She felt the need to explain. “It’s just that I’ve wasted so much time wondering, dreading, how and when I’ll die. Cervical cancer? Car accident? Food poisoning? Swine flu? AIDS? The slow painful anonymous death of Alzheimer’s? Now, finally, I know the answer! I almost want to thank you.”
The hijacker couldn’t decide whether to shoot her or not.
It was sufficiently appalling that everyone had arrived more than fashionably late. Now the appetizers were going to be delayed and the salmon would be either cold or congealed. A good hostess plans for such contingencies. Nothing some chilling and capers wouldn’t correct. But now everyone was ignoring the place cards—which perfectly complemented the centerpiece, thank you very much—and just sitting willy-nilly about her table. She politely tapped her spoon against her glass. Louder. Loudly. “Can everyone please sit in your assigned fucking seats?!” Silence. “Please?” she repeated. A good hostess always suggests rather than demands.
There’s a girl in the banyan tree.
Tangled dark hair, turquoise bikini, dirty yellow sarong. She’s half hidden between thick spidery branches, tan legs like tree limbs, clutching a striped beach towel, which she occasionally presses against her face.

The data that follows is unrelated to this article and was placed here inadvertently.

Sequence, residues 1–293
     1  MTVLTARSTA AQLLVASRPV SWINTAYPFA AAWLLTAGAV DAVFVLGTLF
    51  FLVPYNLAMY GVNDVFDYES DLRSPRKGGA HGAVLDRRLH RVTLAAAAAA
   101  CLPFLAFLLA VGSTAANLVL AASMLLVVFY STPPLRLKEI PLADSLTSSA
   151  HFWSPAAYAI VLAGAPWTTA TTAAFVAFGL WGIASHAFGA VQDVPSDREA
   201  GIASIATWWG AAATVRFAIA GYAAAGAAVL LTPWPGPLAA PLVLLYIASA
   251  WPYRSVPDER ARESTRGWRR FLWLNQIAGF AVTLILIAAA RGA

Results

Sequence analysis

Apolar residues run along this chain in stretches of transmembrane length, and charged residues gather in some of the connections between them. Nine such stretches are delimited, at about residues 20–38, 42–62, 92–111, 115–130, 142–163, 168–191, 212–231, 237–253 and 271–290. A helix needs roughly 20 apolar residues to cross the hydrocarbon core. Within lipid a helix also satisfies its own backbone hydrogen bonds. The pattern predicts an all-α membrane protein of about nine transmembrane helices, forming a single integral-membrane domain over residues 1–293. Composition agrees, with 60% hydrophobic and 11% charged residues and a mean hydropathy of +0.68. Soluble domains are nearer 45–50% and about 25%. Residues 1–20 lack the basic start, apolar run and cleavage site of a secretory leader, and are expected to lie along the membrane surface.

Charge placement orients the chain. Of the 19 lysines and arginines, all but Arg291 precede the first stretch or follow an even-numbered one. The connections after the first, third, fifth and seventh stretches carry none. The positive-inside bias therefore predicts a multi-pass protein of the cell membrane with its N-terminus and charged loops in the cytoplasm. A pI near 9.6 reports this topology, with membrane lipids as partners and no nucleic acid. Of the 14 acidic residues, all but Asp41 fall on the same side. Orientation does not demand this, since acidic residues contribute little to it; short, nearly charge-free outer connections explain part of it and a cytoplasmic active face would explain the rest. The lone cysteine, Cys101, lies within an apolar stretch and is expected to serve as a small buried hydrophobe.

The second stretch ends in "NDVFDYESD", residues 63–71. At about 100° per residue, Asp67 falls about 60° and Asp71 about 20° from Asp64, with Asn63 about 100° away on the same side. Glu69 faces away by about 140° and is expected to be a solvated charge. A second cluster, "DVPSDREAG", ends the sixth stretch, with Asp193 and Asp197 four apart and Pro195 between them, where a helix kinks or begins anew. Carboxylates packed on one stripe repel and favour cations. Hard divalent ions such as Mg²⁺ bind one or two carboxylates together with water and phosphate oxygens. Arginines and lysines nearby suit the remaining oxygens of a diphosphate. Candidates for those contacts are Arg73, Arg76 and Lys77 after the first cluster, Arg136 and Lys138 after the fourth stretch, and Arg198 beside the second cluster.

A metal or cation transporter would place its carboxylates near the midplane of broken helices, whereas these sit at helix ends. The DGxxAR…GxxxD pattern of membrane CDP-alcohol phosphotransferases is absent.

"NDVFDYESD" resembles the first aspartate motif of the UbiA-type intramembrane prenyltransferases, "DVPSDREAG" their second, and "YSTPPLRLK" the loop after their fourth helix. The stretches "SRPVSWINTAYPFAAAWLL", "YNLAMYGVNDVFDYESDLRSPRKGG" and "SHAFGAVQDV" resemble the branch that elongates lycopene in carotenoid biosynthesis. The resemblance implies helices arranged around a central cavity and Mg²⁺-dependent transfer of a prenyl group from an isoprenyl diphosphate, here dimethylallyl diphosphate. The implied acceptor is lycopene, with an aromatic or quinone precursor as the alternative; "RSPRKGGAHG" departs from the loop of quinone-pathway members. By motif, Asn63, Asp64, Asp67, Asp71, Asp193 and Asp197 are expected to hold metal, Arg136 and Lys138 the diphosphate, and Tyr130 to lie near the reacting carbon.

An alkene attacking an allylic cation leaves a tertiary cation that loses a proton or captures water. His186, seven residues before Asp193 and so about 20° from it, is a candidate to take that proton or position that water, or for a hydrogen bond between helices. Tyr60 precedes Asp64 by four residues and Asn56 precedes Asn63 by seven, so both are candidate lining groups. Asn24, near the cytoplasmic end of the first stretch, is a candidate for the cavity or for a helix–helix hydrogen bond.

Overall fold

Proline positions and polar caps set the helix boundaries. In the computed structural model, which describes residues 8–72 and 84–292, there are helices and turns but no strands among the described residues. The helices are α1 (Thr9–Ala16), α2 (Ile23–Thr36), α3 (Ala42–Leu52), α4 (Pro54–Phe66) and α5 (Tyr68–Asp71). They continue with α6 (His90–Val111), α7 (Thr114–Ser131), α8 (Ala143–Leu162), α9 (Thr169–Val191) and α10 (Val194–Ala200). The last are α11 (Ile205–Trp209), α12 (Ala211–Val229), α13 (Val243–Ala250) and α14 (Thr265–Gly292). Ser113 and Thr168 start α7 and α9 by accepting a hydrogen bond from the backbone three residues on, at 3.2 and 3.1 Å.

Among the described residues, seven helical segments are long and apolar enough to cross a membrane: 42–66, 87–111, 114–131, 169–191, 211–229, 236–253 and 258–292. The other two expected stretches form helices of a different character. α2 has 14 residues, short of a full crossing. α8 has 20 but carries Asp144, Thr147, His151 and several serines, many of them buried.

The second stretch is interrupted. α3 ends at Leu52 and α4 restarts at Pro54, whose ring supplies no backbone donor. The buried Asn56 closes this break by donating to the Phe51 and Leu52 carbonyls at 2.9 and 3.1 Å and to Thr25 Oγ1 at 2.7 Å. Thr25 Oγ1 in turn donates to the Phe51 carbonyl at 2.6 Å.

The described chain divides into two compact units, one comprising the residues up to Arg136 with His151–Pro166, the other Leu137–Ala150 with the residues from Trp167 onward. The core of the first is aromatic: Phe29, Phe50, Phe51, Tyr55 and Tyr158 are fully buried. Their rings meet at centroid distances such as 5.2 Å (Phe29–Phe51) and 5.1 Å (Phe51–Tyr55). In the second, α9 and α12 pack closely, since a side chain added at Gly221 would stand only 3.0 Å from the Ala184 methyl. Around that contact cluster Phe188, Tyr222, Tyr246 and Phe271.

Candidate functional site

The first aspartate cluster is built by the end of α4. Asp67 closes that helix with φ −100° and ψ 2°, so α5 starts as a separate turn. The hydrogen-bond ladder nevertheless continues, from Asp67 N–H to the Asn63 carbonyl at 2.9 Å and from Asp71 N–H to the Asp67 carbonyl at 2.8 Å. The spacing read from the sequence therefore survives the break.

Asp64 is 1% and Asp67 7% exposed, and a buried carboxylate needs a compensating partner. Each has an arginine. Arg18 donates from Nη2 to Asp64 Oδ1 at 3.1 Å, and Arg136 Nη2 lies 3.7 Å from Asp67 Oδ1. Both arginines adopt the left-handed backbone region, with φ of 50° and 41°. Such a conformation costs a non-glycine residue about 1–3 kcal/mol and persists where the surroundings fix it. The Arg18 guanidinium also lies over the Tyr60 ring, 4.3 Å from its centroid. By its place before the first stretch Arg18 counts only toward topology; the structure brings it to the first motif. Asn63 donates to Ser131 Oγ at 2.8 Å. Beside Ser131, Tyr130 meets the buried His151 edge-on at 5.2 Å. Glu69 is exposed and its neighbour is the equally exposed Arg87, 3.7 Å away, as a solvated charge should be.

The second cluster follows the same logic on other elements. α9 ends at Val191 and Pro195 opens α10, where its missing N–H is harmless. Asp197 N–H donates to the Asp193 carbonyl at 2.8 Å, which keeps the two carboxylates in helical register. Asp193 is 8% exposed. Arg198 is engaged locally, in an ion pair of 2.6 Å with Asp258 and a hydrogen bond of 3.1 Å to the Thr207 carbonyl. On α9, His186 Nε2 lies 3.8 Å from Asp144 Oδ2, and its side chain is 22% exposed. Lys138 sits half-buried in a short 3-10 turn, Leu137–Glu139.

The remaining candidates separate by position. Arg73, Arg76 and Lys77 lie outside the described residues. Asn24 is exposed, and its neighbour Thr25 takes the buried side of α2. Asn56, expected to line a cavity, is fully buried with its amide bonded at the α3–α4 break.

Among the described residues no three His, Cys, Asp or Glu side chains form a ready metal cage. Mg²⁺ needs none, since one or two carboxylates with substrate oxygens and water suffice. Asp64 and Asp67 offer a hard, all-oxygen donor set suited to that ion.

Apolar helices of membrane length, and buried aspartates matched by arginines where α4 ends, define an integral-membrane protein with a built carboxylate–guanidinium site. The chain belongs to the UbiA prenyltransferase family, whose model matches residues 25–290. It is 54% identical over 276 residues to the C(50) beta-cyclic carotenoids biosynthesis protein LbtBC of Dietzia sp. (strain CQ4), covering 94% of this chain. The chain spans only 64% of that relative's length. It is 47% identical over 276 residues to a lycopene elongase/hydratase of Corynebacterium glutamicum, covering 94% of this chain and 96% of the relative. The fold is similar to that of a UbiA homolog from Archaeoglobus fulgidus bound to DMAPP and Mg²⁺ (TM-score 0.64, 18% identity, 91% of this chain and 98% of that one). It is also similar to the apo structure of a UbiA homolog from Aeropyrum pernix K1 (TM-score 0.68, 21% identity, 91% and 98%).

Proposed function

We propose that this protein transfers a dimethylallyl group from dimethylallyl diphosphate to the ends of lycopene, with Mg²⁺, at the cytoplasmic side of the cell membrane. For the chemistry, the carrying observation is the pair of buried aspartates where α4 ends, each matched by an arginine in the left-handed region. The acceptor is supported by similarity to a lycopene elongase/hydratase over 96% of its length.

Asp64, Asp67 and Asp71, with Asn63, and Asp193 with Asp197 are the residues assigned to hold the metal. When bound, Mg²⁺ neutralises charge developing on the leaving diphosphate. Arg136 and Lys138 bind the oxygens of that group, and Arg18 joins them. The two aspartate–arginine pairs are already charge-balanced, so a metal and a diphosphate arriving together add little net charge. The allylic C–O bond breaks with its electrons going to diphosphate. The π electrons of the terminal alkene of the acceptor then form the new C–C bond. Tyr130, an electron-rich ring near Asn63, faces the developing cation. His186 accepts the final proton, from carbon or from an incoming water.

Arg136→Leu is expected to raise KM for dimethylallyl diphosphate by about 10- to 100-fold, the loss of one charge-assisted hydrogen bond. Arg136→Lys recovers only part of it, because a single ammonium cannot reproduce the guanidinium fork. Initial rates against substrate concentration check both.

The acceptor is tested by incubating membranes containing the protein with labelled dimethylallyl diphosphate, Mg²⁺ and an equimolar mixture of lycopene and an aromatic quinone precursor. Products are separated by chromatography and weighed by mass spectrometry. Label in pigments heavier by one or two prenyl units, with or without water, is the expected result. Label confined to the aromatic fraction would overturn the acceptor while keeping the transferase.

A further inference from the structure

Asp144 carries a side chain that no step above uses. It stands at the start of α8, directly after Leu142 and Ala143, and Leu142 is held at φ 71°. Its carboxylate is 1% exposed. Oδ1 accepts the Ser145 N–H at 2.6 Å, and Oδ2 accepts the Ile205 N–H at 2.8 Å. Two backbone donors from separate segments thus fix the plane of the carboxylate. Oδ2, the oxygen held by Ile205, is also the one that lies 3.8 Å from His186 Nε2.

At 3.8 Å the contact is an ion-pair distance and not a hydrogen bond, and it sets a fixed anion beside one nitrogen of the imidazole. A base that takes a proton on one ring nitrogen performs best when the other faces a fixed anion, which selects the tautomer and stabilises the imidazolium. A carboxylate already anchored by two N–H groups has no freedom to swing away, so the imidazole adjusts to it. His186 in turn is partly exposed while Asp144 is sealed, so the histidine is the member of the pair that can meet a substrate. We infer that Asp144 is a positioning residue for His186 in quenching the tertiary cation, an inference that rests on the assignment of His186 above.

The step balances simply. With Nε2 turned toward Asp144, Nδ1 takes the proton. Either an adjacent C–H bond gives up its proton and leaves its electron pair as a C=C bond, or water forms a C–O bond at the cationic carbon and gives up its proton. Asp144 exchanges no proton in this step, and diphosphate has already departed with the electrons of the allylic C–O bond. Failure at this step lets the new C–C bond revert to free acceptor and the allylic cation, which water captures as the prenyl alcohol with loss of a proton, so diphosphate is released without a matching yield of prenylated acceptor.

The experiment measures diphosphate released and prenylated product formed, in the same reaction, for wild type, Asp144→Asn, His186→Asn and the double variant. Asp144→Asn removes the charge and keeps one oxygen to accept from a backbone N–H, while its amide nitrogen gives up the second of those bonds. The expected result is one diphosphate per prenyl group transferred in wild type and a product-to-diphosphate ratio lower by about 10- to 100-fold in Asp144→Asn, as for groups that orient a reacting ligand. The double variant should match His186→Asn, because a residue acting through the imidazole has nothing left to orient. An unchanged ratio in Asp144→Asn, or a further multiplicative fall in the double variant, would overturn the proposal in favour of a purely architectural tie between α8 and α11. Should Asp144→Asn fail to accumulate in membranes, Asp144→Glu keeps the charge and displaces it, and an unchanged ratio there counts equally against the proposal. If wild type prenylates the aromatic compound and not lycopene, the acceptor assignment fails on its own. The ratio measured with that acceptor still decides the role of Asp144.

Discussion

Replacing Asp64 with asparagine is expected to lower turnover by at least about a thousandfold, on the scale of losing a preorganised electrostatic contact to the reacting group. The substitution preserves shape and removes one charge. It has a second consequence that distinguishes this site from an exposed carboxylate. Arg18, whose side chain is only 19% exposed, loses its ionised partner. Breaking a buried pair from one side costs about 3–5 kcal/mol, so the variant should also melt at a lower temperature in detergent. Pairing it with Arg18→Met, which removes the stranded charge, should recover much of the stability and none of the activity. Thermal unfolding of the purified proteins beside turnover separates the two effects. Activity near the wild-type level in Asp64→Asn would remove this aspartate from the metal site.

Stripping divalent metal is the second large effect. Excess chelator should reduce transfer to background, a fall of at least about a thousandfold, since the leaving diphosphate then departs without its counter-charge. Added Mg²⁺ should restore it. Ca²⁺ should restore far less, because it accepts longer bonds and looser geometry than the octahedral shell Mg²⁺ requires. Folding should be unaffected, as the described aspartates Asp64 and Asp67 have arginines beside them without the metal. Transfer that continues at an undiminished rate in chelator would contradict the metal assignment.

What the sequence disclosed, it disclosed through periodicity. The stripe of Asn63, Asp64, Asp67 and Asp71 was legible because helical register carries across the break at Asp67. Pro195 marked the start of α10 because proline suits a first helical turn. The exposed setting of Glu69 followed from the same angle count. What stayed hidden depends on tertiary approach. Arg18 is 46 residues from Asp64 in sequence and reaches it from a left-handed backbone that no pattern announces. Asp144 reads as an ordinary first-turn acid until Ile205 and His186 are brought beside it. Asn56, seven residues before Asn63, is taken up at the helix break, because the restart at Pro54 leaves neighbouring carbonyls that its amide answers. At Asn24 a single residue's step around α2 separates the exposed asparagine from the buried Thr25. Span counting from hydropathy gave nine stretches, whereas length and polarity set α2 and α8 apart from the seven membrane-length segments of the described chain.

Three days now, and she won’t come down. We bring her fruit, bread, coconut milk and decorate the tree with shells, orchids and jasmine. We sit on the sand below, singing ancient island prayers as she watches the ocean swell, curl, crash, waiting to see what the tide will bring.
We know she’ll be lucky if even his board washes up.
The Shitty Driver
A cop rear-ended me. I got out and told him he was a shitty driver. He pulled out his baton and beat me. I woke up in the hospital just as they were putting me back together. A cute nurse put a gown on me. I got a boner. She smiled, jabbed me in the ass with drugs, and I passed out. Later, someone was screaming in the next bed. I opened the curtain. It was the cop from before and he had been shot in the face. I watched him die and told him he was a shitty driver.
David T. Crowe II
In Vegas, the stripper talked about C.S. Lewis, the theory of morality as evidence of God. It’s like, because we know right from wrong, she said, straddling me with long legs. There must be a God. She unhooked her top. It makes total sense, she said, grinding against my crotch, because where else do morals come from? My hand slid down her thigh and she grabbed it. No touching. Her breasts rolled over my face. These things don’t evolve, she said. Goodness, evil. Her fingers were in my hair, her breath hot against my neck. It must come from God.